Chicago’s first marijuana clinic opens despite no marijuana being distributed yet


“Medical marijuana may be right for you.” That is all the sign out in front of doctor Brian Murray’s office said Wednesday afternoon, and there was a line out the door according to the Chicago Tribune.
Murray is the first physician to open up his doors in the city specifically for diagnosing patients who think they might benefit from medical cannabis. The only issue is: medical marijuana won’t be available legally for some time in the state.

As we told you last week, Illinois Gov. Pat Quinn signed medical marijuana legislation into law this month. His signature sets in motion laws allowing qualified patients to possesses up to 2.5 ounces at a time. But home cultivation isn’t allowed. Medicine must be purchased at one of sixty dispensaries statewide with herb produced at one of 22 state-approved medical cannabis grow facilities. The law takes effect January 2014, but marijuana likely won’t be available until that fall.
Which means that Murray’s recommendation doesn’t really allow you cannabis, yet. Part of the deal with Illinois medical marijuana law is that physicians have to establish a relationship with patients before recommending cannabis. In order to do that in good faith, Murray says he’s opening his doors now to meet with potential pot patients.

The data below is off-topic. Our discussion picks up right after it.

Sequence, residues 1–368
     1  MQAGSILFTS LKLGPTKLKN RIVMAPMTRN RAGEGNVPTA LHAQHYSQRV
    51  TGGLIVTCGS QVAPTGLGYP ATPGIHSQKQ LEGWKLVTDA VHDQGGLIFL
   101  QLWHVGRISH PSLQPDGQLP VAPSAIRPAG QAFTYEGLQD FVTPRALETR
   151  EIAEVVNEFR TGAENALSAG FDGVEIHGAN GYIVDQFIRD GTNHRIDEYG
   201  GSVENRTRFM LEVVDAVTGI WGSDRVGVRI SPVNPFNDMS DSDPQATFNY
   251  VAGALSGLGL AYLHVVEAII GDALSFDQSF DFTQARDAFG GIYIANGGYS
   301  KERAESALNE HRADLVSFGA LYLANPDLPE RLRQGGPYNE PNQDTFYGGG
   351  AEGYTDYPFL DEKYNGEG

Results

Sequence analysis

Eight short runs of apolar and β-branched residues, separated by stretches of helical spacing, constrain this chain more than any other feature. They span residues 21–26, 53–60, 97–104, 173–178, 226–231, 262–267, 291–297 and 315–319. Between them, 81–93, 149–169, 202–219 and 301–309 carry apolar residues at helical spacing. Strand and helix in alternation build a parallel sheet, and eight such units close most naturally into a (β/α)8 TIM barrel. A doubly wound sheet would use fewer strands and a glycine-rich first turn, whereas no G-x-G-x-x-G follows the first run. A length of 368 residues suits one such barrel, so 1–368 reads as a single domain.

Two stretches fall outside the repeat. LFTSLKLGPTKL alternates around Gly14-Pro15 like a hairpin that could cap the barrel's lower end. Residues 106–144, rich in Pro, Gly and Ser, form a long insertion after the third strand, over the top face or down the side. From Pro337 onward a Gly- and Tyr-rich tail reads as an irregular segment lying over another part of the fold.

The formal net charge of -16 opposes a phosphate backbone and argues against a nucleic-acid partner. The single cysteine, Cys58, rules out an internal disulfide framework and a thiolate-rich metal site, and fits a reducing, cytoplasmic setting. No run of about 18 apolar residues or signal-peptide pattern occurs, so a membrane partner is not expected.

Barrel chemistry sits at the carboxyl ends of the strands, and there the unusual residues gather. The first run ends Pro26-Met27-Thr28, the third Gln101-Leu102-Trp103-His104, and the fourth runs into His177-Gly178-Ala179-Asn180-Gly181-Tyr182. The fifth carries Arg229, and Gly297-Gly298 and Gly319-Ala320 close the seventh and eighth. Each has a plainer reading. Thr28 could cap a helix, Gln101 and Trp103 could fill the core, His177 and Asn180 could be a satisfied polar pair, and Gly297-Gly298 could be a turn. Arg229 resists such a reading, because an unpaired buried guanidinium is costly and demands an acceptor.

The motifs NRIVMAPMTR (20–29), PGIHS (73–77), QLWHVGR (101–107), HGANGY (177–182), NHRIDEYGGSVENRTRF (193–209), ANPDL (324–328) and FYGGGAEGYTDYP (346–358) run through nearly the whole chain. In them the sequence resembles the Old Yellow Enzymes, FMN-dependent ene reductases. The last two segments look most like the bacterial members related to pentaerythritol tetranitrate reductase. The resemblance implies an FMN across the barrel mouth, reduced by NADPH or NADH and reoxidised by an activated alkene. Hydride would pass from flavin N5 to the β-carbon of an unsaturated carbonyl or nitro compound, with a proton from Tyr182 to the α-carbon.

“If they have any trouble then they can come here, or if they don’t have a primary care physician then they can also come here,” Murray said.
But as of right now, the state hasn’t even outlined what a “prior relationship” with a doctor would look like. Murray is basing his assumptions on other state laws, specifically Michigan where he has another medical cannabis-related clinic.
Still, the word got out that the state’s first pot clinic was selling herb and it drew several people in the doors according to the Tribune report.
Several patients said they came in to simply ask questions about cannabis and at least one person left dissatisfied. “I know more than they do,” 50-year-old Stuart Bander told the Tribune. Bander suffers from multiple sclerosis. “They’re doing nothing.”
Check out video from Chicago’s CBS4: